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More Effective Co-Parenting: Working With Your Ex

Even with the best of intentions, it can be difficult to learn to work with your ex. Any problems you had making decisions together while you were married are magnified, especially immediately following the divorce.

As you grow further apart, your lifestyles may change, making it even more difficult to develop effective co-parenting strategies. Whether you’re still drawing up the divorce agreement or have been working on co-parenting with a former spouse for years, there are some things you can do to make it easier to work with your child’s other parent.

Start With Your Child’s Best Interests

The most effective co-parenting relationships start with this one simple principle. Both parents should agree that they are less interested in what’s best for them (or in “sticking it” to the other parent) and more interested in the most positive outcome possible for the child or children involved in the situation. This is an agreement that you need to make with your former spouse as soon as possible in the divorce process. You may have nothing else in common, but you can both agree that you want your child to have the best life possible. Focusing on their needs, not just their wants, can make it easier to decide:

  • How to set child support or who is responsible for paying for unexpected expenses
  • How parenting time will be handled
  • What possessions a child needs to have at both homes and what possessions can travel between the two homes
  • How to set rules together

Wanting what’s best for your child also means that you don’t badmouth the other parent in front of them. Even if you’ve had a huge argument over a late child support check or a commitment that your ex “flaked” on, that’s not something that needs to be shared with your child. Instead, find a close friend or family member to confide in, preferably when the child is out of the house or in bed for the evening.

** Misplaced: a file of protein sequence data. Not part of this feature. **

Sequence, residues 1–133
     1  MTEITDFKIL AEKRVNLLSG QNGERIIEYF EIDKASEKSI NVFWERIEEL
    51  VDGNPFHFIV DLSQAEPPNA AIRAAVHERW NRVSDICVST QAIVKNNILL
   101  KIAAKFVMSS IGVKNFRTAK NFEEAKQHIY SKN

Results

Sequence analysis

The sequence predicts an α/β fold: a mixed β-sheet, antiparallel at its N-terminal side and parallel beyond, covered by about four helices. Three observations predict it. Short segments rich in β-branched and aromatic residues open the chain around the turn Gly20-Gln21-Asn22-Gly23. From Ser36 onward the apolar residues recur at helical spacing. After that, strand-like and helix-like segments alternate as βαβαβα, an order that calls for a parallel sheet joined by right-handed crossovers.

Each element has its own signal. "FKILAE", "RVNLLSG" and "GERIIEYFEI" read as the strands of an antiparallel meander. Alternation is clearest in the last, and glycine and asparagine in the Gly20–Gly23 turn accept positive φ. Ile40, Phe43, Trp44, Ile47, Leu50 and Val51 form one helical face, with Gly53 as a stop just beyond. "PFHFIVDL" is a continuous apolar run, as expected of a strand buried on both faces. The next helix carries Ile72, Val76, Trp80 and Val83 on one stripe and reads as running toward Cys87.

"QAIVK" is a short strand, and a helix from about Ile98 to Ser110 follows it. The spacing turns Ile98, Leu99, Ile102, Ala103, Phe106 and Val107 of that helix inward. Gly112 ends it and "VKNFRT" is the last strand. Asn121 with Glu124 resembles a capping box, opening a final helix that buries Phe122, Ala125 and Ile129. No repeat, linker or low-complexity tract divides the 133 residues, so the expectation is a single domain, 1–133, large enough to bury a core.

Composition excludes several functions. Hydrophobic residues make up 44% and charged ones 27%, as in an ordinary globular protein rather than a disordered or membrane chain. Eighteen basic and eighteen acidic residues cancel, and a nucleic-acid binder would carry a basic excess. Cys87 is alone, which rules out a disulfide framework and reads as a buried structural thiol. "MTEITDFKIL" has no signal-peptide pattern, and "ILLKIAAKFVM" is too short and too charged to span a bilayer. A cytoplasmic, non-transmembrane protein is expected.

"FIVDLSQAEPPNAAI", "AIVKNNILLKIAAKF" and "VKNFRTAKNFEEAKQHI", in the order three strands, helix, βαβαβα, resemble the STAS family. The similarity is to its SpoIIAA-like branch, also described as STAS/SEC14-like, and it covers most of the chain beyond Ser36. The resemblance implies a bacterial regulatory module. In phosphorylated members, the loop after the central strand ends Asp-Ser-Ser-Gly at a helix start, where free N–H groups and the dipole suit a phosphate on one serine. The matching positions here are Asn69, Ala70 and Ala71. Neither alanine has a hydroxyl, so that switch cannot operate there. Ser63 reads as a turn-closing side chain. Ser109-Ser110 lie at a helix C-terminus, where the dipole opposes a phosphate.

Maintain Continuity

Every rule doesn’t have to be the same between both houses. You might have different rules about shoes on the furniture, when exactly homework has to be completed, and whether or not dinner can be eaten in front of the television. Other things, however, require continuity between your homes. For example:

Eating habits matter. If your child is allowed to eat junk food at one parent’s house indiscriminately but must eat healthy food at the other, there may be a serious difference between their behavior patterns and overall health, not to mention the way they feel.

Bedtimes should be similar. A child whose bedtime is constantly changing will have a hard time getting good, solid rest. While some allowances can be made for weekends and vacations, it’s important to maintain a similar schedule, no matter where the child is.

Key values need to be discussed. This might include insisting that homework be completed in a timely manner, making sure younger siblings are never bullied, and avoiding materials that you and your former spouse agree are inappropriate for a child. You shouldn’t have to worry that your ex will take your child to see that movie you’ve forbidden in your home.

Punishment sticks from one house to the other. Be fair about your punishments, but realistic. If the child is grounded from texting at one house, that shouldn’t lift just because they’ve traveled to the other parent’s, although exceptions should be made for texting the parent they aren’t with, regardless of the punishment. Work together to come up with punishments that won’t disrupt the other parent’s schedule or household when necessary.

When you focus on the best interests of the child and on a sense of continuity, it’s easier to make co-parenting decisions that will benefit your child, first and foremost. Looking for more tips on learning to survive parenting together after a divorce? Untangle The Knot has lots of helpful information to help you get through your divorce!



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6 Tips for Parenting During and After Divorce